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Forty-six years ago a man calling himself Dan Cooper bought a ticket on Northwest Orient Airlines Flight 305 from Portland to Seattle for $20 cash and walked onboard a Boeing 727 with a bomb-like device in his carry-on briefcase. After takeoff he demanded that the airplane should land to be refueled for a flight to Mexico, at which time he allowed the passengers to disembark in exchange for two parachutes and $200,000 in cash. After the airplane returned to the sky, he lowered the aft boarding stairway and was never seen again.

Whether by mistake or design, it was some wag in the news media who coined an alias-within-an-alias when he gave the hijacker the familiar epithet “D. B.” Cooper.

For two decades after the hijacking, upon learning that that my name was Cooper, a new acquaintance would invariably ask, “Are you D. B. Cooper?” Or, “Any relation to D. B. Cooper?” This was all in jest, of course, since I’m five or ten years too young, one or two inches too short, and my eyes are way too blue to be DB. Not to mention, how could any of us be related to an alias? However, those little icebreakers often worked in my favor when they made it easy for me to talk with new friends, and gave them a hook to remember my name.

You might say that DB gave me the gift of gab, even if I had to start every conversation with no, I am not D. B. Cooper.

It wasn’t until five years ago that the hijacker’s faux moniker became a more serious issue for me, when I decided to self-publish my books. Early in the process,  I learned that there was a platoon of writers on Amazon Kindle and Create Space named Doug Cooper, or Douglas Cooper, or Douglas S. Cooper, or D. Scott Cooper,  ad infinitum.  In fact, the only variation of my name that wasn’t being used by another author was D. S. Cooper. So, what the heck. After all, initials worked pretty well for E. B. White, A. A. Milne, C. S. Lewis, H. P. Lovecraft and H. G. Wells.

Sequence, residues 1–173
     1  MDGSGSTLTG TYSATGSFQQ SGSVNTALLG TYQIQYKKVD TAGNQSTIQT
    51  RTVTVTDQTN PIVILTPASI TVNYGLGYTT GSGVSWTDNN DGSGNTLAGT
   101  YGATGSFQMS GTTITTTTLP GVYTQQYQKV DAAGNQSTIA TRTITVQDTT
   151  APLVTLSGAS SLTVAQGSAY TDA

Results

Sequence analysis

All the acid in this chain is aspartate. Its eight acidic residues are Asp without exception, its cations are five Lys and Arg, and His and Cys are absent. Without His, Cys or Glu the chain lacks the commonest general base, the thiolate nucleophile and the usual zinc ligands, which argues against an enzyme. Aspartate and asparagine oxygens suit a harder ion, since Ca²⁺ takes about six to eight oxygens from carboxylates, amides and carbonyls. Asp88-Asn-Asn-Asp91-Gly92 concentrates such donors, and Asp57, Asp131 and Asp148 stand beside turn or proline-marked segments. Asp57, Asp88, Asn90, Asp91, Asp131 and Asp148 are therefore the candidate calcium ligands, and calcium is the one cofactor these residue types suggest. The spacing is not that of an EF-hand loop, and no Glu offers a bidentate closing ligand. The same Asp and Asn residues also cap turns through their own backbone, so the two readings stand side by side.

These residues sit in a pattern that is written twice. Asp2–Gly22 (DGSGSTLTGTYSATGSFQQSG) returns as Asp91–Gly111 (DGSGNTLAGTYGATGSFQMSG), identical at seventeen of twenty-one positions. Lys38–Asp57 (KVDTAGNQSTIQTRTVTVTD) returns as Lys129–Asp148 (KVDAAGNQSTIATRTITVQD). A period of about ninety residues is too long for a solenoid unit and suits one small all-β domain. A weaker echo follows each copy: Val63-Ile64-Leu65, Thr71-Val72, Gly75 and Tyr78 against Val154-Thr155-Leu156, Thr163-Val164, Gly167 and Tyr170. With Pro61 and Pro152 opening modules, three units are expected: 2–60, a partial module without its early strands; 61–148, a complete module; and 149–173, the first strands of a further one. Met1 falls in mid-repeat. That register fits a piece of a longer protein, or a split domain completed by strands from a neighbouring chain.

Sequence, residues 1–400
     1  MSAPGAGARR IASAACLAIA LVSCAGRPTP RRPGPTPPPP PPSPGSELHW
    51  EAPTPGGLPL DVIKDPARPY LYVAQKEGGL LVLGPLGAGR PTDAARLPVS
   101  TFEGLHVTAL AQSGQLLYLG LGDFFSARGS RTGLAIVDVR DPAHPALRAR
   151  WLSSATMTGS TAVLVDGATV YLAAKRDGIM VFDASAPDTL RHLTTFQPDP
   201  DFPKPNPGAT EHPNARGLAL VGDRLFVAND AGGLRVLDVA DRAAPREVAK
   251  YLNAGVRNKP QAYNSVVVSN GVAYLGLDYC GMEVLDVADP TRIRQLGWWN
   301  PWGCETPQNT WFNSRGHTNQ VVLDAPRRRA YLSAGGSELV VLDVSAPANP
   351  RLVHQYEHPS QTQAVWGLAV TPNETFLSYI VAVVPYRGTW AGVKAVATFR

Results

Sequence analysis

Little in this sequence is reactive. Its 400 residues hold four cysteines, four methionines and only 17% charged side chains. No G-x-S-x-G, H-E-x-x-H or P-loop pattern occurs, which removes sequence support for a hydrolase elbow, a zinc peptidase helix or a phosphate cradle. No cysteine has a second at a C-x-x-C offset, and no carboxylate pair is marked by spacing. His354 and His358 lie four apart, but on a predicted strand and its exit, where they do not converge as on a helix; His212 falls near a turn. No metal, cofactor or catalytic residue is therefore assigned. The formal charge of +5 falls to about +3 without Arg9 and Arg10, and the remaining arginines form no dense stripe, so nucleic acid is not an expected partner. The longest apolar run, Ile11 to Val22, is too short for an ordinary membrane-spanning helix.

Of course, I wasn’t counting on the sheer tonnage of words that have been churned out about DB over the years, which now take precedence over my pen name on every search engine. So, if you look online for books by D. S. Cooper you’ll have to get past a plethora of books about D. B. Cooper, of which there may be no end.  It seems that some devotees will always keep the flame for the DB myth, especially after eight-year-old Brian Ingram found fragments of twenty-dollar bills bearing the serial numbers of the Flight 305 ransom on the banks of the Columbia River, nine miles downstream from Vancouver in February of 1980. I have no idea how they got there.

Here’s the thing:  It is too late for me to change my copyrights, covers, ISBN numbers and so forth, so I guess I’ll just ride out the name confusion and keep writing as D. S. Cooper.  I’m not sure if it’s helping or hurting my book sales, but I can tell you for sure that I am not D. B. Cooper.

Since everybody of a certain age seems to have a pet theory about DB, here’s my take: The Flight 305 skyjacking was an incredibly stupid misadventure by a man who knew a little bit about a lot of things (more Cliff Clavin than James Bond) and got in way over his head. My best hope for the poor guy is that he never deployed his parachute and that he perished before impacting the brutally unforgiving terrain upstream from where those fragments of ransom money were found.  The important thing to remember is that I am NOT D. B. Cooper.

And the next time you endure TSA security screening at the airport, give a nod to good old DB, because the  Federal Aviation Administration first mandated the examination of all carry-on baggage a few days after my — I mean his — nutty stunt.